Medications : how do we understand expiration dates? : a thesis presented in partial fulfilment of the requirements for the degree of Master of Arts in Psychology at Massey University, Albany, New Zealand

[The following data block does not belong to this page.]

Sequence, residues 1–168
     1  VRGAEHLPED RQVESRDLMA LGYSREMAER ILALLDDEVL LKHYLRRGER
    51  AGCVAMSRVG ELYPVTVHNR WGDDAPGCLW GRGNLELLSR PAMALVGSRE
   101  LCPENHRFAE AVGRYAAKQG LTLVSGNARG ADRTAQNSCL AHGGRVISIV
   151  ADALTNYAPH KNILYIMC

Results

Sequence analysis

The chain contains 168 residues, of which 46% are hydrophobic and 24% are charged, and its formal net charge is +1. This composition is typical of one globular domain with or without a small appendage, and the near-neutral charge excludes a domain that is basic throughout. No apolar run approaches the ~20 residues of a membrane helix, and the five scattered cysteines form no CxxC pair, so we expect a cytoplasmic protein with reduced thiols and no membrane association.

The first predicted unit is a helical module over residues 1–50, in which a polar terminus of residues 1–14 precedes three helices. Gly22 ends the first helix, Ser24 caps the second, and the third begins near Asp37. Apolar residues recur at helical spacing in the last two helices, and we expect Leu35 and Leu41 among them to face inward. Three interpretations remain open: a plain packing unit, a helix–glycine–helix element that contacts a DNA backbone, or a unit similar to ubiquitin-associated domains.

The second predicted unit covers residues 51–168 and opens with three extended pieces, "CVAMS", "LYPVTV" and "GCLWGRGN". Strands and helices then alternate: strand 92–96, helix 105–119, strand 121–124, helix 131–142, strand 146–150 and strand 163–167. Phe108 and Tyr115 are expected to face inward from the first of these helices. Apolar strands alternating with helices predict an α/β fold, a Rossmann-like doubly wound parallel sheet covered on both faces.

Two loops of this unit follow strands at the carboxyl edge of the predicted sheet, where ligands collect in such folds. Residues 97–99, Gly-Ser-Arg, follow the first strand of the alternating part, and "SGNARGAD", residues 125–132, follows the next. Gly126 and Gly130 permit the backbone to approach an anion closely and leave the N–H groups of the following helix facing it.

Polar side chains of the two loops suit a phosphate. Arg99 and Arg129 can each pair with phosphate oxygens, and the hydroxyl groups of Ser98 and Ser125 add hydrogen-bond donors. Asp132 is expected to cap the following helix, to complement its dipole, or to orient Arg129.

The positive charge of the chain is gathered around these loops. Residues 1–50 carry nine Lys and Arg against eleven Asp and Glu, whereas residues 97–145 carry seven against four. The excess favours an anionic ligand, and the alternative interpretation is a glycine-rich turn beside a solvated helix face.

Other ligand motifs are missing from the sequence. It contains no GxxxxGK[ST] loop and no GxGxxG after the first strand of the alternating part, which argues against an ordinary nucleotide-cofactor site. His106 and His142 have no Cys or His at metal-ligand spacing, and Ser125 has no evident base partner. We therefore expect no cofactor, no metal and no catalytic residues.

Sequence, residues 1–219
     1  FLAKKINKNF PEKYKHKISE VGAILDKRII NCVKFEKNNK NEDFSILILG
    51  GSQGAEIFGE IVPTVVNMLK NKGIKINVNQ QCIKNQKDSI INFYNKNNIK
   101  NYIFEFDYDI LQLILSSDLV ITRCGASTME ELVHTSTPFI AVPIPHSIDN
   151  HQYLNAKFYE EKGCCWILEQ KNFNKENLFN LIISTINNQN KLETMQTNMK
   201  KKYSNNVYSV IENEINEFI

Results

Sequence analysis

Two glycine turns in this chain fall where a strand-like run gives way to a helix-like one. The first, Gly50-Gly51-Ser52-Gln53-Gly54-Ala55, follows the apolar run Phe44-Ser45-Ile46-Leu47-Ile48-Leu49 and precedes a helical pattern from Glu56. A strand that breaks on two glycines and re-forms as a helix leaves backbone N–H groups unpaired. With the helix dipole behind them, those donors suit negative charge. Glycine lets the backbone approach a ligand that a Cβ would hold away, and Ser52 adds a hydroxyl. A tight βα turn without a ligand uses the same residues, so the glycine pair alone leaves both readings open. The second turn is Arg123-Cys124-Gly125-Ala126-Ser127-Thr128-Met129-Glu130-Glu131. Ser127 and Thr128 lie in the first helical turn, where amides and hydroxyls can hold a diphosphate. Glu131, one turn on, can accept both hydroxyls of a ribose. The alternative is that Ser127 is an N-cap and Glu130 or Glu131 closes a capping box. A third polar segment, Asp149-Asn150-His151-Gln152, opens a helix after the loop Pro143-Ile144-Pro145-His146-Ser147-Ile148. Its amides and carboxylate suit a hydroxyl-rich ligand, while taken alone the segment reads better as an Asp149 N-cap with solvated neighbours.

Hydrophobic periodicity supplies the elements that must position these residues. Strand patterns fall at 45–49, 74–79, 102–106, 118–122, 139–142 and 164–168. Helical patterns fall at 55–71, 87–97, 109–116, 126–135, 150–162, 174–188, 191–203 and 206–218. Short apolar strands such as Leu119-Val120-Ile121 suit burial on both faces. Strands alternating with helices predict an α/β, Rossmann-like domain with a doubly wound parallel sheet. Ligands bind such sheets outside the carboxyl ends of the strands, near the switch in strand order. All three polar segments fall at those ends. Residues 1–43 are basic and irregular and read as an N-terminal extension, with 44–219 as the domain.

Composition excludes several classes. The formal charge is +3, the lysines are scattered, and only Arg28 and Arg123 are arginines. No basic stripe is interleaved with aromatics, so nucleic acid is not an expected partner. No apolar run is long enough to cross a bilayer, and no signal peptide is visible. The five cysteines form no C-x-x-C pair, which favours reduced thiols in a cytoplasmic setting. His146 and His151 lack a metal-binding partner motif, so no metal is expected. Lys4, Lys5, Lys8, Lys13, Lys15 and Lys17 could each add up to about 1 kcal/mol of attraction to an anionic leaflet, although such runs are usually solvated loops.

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The expectation of the pharmaceutical industry is that medication expiration dates are automatically understood by consumers. There is a complexity to this interpretation that has not been fully studied. The main aim of this research is to explore how prescription medication expiration dates, are understood by the consumer. An in-depth interviewing, narrative method was used to gain valid and detailed discourse of the individuals perspective of why expiry dates are used by pharmaceutical companies, how it influenced their decisions on storage and/or disposal, and individual views on recycling and/or redistribution of excess and/or expired medications to those in need. Twenty people were interviewed, from varied demographics, using a questionnaire guide, consisting of 18 questions, aimed at gaining information on their personal opinions of pharmaceutical expiration dates. The main findings revealed by the narratives, were that medication expiration dates were only an indication of best efficacy and not something that would cause any serious harm. Interestingly, there was no consensus on the types of medications most effected by expiration dates, or which medications the individual would consume after expiry. The analysis showed that most of the subjects would, and had used expired medications at some point, and were not concerned about experiencing any major side effects. It was also found that a high percentage of participants thought the use of expiry dates on medications, to be a marketing strategy by pharmaceutical companies, in order to generate more sales. Knowledge of the process of disposing of expired medications was limited, and only one participant had any knowledge of the concept of programs to redistribute medication. Support for such programs received mixed results. The majority of participants felt that the risk of taking expired medicine was not a concern; however this only applied to the patient themselves and all would not dispense expired medications to another family member, particularly mothers to children. In summary, the findings of this research highlighted the gap in consumer knowledge of medication expiration dates, the categories of medication most effected by age and for uncovering new ways to examine expired medication for deterioration and efficacy. It was shown that consumers are positive about investigating redistributive programs which could facilitate excess/expired medications reaching those in need and to drastically minimise excessive, current global medication wastage.